As Felix and Rosie hide, George, “fairly drunk,” presses his amorous attentions on Flora, who seems uninterested. When Flora exits, George proceeds to urinate on the desiccated garden, sprinkling the dead man’s ashes in the process. After he in his turn exits, Rosie and Felix emerge from their hiding place. Felix objects to his mother’s carrying on with George, declaring she is being taken advantage of in her grief. At which point Rosie informs him that her father and his mother have been at it for years, “five or six at least.” Felix is aghast at this news, but Rosie insists that it’s none of his business, and that their parents are “old enough to know their own minds.
She then tells him about her—and their—daughter, seven-year-old Felicity, insisting that Felix is the father, a fact he has not previously confronted. Flora, it turns out, has led her son to believe that the child was fathered by one of the many men Rosie took up with in the wake of her failed love affair with Felix. But Rosie will not let him believe this comforting deception, and exits having dropped this stunning bit of information in his lap. As he stands alone in the garden, Felix begins to hear the humming again. Jim, the gardener, enters, equipped for slug-hunting, to which Felix responds by pointing to himself as a specimen of that pest. But Jim’s presence seems to calm Felix, and as he shines his flashlight around the garden, the humming stops, and the first act comes to an end.
As the second act begins it is late summer, and preparations for the long-planned lunch party—presumably to announce the wedding plans of George and flora—are afoot. Mercy fusses with the tureen of gazpacho soup she has made, adjusting the seasoning. She notices the pot of ashes on the table, and thinking she has found the pepper, sprinkles them liberally into the soup.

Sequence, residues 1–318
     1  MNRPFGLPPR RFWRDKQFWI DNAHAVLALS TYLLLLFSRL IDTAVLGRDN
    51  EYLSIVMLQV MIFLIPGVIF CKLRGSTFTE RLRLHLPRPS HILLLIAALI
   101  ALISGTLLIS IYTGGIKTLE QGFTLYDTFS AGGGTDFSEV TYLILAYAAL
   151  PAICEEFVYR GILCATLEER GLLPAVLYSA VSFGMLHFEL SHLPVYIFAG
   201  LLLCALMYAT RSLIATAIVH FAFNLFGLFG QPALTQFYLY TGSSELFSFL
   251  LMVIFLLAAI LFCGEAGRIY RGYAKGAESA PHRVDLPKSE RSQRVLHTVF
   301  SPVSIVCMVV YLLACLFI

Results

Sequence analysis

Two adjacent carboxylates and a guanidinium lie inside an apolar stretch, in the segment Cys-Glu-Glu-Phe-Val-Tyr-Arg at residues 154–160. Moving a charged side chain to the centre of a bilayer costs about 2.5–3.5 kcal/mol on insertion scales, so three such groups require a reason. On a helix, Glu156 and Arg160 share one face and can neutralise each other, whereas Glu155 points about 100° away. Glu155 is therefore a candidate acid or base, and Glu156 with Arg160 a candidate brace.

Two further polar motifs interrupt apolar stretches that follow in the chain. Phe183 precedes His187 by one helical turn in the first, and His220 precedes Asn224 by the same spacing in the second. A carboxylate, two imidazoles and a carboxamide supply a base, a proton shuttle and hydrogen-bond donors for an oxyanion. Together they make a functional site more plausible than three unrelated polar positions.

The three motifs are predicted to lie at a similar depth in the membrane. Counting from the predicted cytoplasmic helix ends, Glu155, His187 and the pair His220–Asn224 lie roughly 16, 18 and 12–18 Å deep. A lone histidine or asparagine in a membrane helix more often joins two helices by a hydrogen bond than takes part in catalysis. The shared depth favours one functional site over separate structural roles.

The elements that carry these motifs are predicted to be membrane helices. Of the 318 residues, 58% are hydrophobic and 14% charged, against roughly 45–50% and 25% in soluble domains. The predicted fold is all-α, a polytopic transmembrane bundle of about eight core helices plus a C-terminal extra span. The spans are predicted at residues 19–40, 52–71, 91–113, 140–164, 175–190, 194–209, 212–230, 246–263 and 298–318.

George participates eagerly in the arrangements, joshing with Mercy, and seeing to the wine. Flora declares her anxiety about the event, clearly expecting Felix to do something to disrupt the proceedings. Rosie arrives, and she and Flora confront one another for the first time since the breakup between her and Felix. Clearly Rosie resents Flora’s having led Felix to believe that some other man is the father of Felicity, but the rising tension between them is disrupted when Felix arrives, dressed in one of his father’s old suits, which is ludicrously too small for him.
The tone of the gathering steadily deteriorates, growing ever more rancorous and hostile. Flora complains that her late husband brought her from London to rural England “to rot my life away,” and that bearing Felix, “robbed me of my figure.” Felix stirs the conversational pot by asserting that his mother has lost her sense of smell in consequence of her husband’s death. George rejects this idea, and tells Felix to jump off a cliff, a suggestion that prompts Felix to begin a discussion about the best method of committing suicide. Suggestions include inhaling carbon monoxide, swallowing pills, putting one’s head in a gas oven, and jumping into a black hole, the latter being Felix’s choice. He believes this would in effect recycle his physical remains into another universe, thereby bestowing immortality on him.
Felix next berates his mother for her years of infidelity to his father, only to have Flora inform him that her husband knew about and accepted the situation. “You are desperate to turn this into a tragedy . . . but you will not be able to do so,” she declares dismissively. And she dispels another misapprehension about her husband: he did not die in his garden of a heart attack, but of an extreme allergic reaction to a bee sting. His own beloved insects killed him, an embarrassing end for an entomologist.
Bickering then erupts about the paternity of Rosie’s daughter. Flora doesn’t want to believe her son is the father because she doesn’t want to be a grandmother. George doesn’t want Felix to have sired his granddaughter. And Felix wants some assurance that Rosie has been telling him the truth about Felicia’s conception. When Felix rises as if to depart from the luncheon, his mother commands him to remain, invoking her maternal authority. Felix declares that null and void because she doesn’t love him, the neurotic’s classic lament. Mercy begins to weep, which provokes Flora to attack her as a leech on her life.